I love epistolary memoirs. The first one I read was Helene Hanff’s 84 Charing Cross Road. The minutiae of daily life, the interpersonal exchanges, the casual musings of someone who has a definite worldview – and a sense of humour – this is literary gold. It hardly feels literary, however; it’s just a peek into someone’s life, someone you wish you knew. It’s very close to a diary, although a letter has an audience whereas a diary isn’t supposed to.
Love, Nina is a wonderful example of an epistolary memoir. In the early 80s, Nina Stibbe became nanny to a literary household, with two boys aged around 10 and 11, and a dryly witty writer mother. Various friends, including Alan Bennett, add their two cents to dinnertime conversation, which Nina reports verbatim in her letters to her sister in Leicester.
By page 17 I knew this was going to be one of my favourite books ever, so rushed to 1-click it on Amazon and had it delivered to all my devices, although I also want a hard copy to lend to friends. This book is, like The Rosie Project, one of my big laugh-out-loud favourite books this year. The Rosie Effect, which I am reading on my Kindle app on my phone while I exercise on the treadmill at the gym (it’s ok, everyone else is wearing earphones so they can’t hear me laughing) is another one but as it’s a sequel of The Rosie Project perhaps doesn’t count.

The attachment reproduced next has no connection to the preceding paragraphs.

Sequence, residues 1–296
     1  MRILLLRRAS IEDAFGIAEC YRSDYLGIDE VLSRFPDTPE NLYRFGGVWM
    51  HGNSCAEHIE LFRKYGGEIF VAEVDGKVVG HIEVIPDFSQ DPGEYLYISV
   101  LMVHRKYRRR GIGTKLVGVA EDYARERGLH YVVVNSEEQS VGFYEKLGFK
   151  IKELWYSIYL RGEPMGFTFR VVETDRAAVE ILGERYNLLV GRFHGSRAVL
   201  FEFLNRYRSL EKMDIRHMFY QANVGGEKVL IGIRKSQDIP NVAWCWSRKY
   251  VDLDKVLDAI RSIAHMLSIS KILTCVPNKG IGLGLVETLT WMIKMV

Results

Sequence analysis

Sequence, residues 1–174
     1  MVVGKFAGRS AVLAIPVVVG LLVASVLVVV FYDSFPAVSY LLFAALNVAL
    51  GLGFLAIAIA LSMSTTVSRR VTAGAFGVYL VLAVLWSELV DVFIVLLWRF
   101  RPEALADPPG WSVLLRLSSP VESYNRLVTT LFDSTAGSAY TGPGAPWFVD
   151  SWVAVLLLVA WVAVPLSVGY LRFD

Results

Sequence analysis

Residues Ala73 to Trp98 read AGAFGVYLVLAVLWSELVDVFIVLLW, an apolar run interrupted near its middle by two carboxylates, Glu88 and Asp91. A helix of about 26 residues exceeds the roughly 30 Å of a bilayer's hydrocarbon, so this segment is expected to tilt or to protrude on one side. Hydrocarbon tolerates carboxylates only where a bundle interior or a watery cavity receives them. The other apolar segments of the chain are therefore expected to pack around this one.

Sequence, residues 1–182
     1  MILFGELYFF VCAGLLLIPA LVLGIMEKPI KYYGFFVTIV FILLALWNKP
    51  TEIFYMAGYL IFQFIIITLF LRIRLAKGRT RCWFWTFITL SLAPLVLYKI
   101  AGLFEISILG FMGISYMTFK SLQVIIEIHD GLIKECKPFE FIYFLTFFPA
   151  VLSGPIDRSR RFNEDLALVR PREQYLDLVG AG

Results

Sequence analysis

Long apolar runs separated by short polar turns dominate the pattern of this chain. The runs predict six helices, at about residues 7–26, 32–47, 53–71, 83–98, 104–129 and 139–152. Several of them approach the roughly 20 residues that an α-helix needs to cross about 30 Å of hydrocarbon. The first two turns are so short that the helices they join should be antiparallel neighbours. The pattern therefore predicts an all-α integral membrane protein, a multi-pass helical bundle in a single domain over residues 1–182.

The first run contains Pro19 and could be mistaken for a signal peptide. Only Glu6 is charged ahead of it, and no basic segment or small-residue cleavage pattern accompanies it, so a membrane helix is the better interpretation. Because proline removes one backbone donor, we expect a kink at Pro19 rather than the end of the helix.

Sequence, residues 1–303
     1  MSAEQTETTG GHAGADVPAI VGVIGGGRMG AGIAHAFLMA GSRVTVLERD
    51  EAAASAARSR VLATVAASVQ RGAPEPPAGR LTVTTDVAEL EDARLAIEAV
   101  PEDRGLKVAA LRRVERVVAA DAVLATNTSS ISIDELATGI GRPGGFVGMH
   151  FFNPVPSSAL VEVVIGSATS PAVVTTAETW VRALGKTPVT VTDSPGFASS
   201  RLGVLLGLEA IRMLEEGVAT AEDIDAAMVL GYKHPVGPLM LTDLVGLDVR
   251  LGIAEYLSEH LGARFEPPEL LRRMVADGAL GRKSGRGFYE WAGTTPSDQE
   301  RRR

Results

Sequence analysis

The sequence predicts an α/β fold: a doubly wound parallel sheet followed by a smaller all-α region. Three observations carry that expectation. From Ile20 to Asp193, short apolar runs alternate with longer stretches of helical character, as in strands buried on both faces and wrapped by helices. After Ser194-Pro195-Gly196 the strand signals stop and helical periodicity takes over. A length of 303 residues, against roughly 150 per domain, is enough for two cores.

It helps if you can hear an English accent while you read. London/Estuary accent for most of them, and Northern for Nina (I can’t conjure up a Midlands accent, even in my head, so figure Northern is the next best). And sometimes cockney, especially this part:
“The best bit was when we went into an antique shop and Misty picked up a pickle fork with a pretty green jewel on the end.
“How much is this pickle fork?” she asked the antique man.
The man said it wasn’t a pickle fork but a runcible spoon.
Misty: What’s a runcible spoon?
Man: One of them in your hand.
Misty: But what’s it for?
Man: Pickles and such.”
When I read this exchange I heard the voice of Mike, my cockney co-worker at a jewellery store in London. It’s exactly the kind of thing he would say, too, which I suppose is why he was in the basement doing all the shipping/receiving instead of being on the floor selling silver shooter cups to punters like the rest of us.
I can’t say enough good things about this book. It’s wonderful, I hope you read it.